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I have a master DNS server (BIND9, IP 172.23.129.24) configured to point a forwarding zone to another master server that is configured for DDNS services. This directive is in the /etc/named.conf file.

zone "forward.example.com" {
    type forward;
    forwarders {172.23.129.130;};
};

On the 172.23.129.130 server, my config has the following zone (and omapi-key settings in other sections):

zone "forward.example.com" {
    type master;
    file "/var/named/forward.example.com.hosts";
    allow-update {
            key omapi-key;
            172.23.129.21;
            172.23.129.22;
            };
    };

The "forward.example.com" zone file looks like the following:

$ORIGIN .
$TTL 38400  ; 10 hours 40 minutes
forward.example.com        IN SOA  ns.example.com. myemail.example.com. (
                            1486523615 ; serial
                            10800      ; refresh (3 hours)
                            3600       ; retry (1 hour)
                            604800     ; expire (1 week)
                            38400      ; minimum (10 hours 40 minutes)
                            )
                    NS  ns.example.com.
$ORIGIN ns.example.com.
$TTL 3600   ; 1 hour
first-host A     172.17.7.5
              TXT   "ID_STRING"
...etc.

When I add an entry manually (after first freezing the zone then unfreezing since its dynamic), it appears and I can resolve it by targeting the server with the forwarding zone using dig:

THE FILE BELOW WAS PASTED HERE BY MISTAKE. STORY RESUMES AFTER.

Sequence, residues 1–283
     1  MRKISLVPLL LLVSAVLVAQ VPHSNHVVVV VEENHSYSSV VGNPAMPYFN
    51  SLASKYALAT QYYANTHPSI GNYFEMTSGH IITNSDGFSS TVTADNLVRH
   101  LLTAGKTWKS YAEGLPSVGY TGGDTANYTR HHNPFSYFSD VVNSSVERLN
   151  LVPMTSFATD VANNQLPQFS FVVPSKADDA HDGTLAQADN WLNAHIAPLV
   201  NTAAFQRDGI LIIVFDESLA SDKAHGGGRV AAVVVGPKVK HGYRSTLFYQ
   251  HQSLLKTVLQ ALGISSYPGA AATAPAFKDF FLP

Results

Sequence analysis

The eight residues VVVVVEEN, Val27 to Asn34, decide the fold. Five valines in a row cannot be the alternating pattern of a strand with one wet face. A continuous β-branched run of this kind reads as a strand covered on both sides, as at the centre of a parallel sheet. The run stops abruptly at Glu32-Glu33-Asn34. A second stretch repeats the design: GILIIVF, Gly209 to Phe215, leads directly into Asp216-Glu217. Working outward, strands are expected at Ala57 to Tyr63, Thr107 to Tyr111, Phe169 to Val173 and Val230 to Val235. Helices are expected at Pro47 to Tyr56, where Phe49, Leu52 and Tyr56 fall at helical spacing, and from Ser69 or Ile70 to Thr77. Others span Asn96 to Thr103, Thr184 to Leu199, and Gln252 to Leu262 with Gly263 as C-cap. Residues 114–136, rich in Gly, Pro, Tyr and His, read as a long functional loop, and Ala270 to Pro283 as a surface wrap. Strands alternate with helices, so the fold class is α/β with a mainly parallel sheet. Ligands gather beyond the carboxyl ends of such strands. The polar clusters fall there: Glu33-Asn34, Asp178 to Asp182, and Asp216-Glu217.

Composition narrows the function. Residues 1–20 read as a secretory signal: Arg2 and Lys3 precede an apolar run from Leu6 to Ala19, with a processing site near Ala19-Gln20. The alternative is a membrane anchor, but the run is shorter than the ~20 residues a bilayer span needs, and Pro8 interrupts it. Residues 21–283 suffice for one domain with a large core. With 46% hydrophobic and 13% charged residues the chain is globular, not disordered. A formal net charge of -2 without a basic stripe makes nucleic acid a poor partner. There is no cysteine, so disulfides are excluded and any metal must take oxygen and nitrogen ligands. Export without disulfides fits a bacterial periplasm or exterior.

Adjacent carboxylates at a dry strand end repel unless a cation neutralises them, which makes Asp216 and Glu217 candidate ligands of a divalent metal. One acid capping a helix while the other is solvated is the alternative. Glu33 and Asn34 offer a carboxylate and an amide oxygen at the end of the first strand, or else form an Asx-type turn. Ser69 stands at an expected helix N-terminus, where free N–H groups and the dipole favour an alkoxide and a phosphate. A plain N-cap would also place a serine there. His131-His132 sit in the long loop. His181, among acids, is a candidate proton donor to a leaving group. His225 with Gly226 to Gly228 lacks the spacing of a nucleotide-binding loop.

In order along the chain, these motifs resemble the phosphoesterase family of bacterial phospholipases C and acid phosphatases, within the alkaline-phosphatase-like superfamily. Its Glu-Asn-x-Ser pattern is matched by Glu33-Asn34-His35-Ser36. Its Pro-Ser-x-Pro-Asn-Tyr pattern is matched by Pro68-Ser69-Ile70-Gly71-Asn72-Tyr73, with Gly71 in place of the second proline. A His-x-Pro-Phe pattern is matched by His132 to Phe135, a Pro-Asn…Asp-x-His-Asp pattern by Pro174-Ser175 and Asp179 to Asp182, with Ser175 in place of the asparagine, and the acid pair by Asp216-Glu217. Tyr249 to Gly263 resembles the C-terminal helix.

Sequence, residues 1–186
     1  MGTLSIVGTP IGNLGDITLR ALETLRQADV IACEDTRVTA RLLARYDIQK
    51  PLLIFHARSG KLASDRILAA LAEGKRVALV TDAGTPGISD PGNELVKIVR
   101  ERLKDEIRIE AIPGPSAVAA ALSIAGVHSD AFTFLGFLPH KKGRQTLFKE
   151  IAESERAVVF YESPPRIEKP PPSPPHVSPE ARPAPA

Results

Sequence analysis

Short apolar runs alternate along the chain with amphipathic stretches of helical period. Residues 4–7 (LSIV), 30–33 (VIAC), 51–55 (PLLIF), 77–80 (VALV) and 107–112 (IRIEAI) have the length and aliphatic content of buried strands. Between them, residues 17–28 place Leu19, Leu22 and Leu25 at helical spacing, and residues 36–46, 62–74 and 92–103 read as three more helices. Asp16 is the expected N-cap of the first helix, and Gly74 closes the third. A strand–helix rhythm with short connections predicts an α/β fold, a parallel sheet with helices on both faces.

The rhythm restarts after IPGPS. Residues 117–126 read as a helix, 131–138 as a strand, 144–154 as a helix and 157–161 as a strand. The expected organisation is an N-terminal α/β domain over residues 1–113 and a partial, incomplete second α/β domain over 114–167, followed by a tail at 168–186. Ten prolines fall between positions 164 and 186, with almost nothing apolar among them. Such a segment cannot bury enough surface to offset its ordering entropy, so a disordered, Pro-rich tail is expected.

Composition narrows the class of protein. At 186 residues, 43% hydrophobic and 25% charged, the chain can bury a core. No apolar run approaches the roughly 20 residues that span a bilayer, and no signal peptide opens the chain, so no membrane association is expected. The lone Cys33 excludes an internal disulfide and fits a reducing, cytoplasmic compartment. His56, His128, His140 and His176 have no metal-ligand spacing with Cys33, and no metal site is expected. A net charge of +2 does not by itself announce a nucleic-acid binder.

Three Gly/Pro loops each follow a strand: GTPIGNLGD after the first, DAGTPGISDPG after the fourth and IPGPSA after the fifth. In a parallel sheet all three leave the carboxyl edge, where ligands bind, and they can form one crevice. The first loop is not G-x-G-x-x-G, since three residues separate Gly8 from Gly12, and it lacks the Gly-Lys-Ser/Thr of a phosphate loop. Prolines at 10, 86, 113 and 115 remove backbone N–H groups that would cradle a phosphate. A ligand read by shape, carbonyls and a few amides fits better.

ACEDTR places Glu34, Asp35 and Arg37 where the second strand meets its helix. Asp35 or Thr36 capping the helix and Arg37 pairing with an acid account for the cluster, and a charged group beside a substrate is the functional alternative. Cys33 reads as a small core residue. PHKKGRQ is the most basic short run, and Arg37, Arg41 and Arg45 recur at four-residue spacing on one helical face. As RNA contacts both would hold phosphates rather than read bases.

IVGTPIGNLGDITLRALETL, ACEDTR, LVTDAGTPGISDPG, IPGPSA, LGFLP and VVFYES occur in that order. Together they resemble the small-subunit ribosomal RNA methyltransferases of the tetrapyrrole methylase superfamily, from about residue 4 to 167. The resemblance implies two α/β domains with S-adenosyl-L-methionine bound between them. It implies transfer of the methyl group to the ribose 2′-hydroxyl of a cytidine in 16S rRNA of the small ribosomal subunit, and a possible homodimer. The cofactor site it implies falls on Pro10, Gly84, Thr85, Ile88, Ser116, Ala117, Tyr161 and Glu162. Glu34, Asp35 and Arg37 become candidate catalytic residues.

dig @172.23.129.130 manual-entry.forward.example.com

This will work with success, and I get an answer. However, if I do the same for the main server that forwards, then it fails:

dig @172.23.129.24 manual-entry.forward.example.com

; <<>> DiG 9.8.3-P1 <<>> manual-entry.forward.example.com
;; global options: +cmd
;; Got answer:
;; ->>HEADER<<- opcode: QUERY, status: NXDOMAIN, id: 65339
;; flags: qr rd ra; QUERY: 1, ANSWER: 0, AUTHORITY: 1, ADDITIONAL: 0

;; QUESTION SECTION:
;manual-entry.forward.example.com.  IN  A

;; AUTHORITY SECTION:
manual-entry.forward.example.com.   3474    IN  SOA ns.example.com.    myemail.example.com. 1486523594 10800 3600 604800 38400

;; Query time: 47 msec
;; SERVER: 172.23.129.24#53(172.23.129.24)
;; WHEN: Fri Dec 15 22:37:49 2017
;; MSG SIZE  rcvd: 107

At the same time, using "dig" to target other entries in the "forward.example.com" zone works just fine. I've applied the zone, restarted BIND, and numerous other efforts to reload the zone. The file shows the entries, and the server targeted with the dig command should just forward all requests for the "forward.example.com" domain to the second server. It does so in some cases, but not in others, and this is somewhat perplexing to me. Are there any suggestions for where to look?

  • 4
    You understand that a 'forward' zone still caches right? – Zoredache Dec 16 '17 at 6:55
1

You may want to configure this as a slave zone rather than a forwarding zone. This will require that the the primary server allow zone transfers of this zone from the slave. You can also configure the primary zone to notify the slave zone when the zone changes.

There are two caching values for a domain. For positive matches, the caching time can be set for each domain but is usually but defaults to the value specified in the $TTL line. For negative matches, bind uses the minimum value of max-ncache-ttl (default 3 hours) and the minimum value from the SOA record.

If you don't search for the domain before the primary is loaded, the forwarding domain should forward the request, find it and cache it.

|improve this answer|||||
  • Minor correction: the zone-specified negative cache TTL is MIN(SOA TTL, SOA.MINIMUM) while, as you noted, the default max value in BIND's resolver-side policy (max-ncache-ttl)) is 3h. So there's those three values (rather than just two) that are taken into account. – Håkan Lindqvist Dec 16 '17 at 16:01

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